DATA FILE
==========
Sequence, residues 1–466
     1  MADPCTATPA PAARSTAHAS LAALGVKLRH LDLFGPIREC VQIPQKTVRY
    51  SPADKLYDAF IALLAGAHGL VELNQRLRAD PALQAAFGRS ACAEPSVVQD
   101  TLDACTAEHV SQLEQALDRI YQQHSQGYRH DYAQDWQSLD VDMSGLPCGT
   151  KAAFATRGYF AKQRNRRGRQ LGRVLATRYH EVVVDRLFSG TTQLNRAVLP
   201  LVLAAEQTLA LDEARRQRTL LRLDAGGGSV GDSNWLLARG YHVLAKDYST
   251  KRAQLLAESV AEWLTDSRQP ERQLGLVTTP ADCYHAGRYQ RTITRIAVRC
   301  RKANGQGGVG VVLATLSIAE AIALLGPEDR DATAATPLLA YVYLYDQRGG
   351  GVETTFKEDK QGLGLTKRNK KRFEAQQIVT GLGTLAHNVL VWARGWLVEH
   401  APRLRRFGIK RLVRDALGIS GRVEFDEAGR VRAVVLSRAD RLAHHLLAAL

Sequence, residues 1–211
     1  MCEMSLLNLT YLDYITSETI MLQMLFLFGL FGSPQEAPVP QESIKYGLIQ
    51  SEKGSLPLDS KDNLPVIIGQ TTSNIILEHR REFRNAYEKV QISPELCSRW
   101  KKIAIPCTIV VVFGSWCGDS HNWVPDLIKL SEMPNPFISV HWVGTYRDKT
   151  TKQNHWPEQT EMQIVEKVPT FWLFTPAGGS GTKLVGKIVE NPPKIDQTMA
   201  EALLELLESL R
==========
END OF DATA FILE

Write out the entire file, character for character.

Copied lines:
Sequence, residues 1–466
     1  MADPCTATPA PAARSTAHAS LAALGVKLRH LDLFGPIREC VQIPQKTVRY
    51  SPADKLYDAF IALLAGAHGL VELNQRLRAD PALQAAFGRS ACAEPSVVQD
   101  TLDACTAEHV SQLEQALDRI YQQHSQGYRH DYAQDWQSLD VDMSGLPCGT
   151  KAAFATRGYF AKQRNRRGRQ LGRVLATRYH EVVVDRLFSG TTQLNRAVLP
   201  LVLAAEQTLA LDEARRQRTL LRLDAGGGSV GDSNWLLARG YHVLAKDYST
   251  KRAQLLAESV AEWLTDSRQP ERQLGLVTTP ADCYHAGRYQ RTITRIAVRC
   301  RKANGQGGVG VVLATLSIAE AIALLGPEDR DATAATPLLA YVYLYDQRGG
   351  GVETTFKEDK QGLGLTKRNK KRFEAQQIVT GLGTLAHNVL VWARGWLVEH
   401  APRLRRFGIK RLVRDALGIS GRVEFDEAGR VRAVVLSRAD RLAHHLLAAL

Sequence, residues 1–211
     1  MCEMSLLNLT YLDYITSETI MLQMLFLFGL FGSPQEAPVP QESIKYGLIQ
    51  SEKGSLPLDS KDNLPVIIGQ TTSNIILEHR REFRNAYEKV QISPELCSRW
   101  KKIAIPCTIV VVFGSWCGDS HNWVPDLIKL SEMPNPFISV HWVGTYRDKT
   151  TKQNHWPEQT EMQIVEKVPT FWLFTPAGGS GTKLVGKIVE NPPKIDQTMA
   201  EALLELLESL R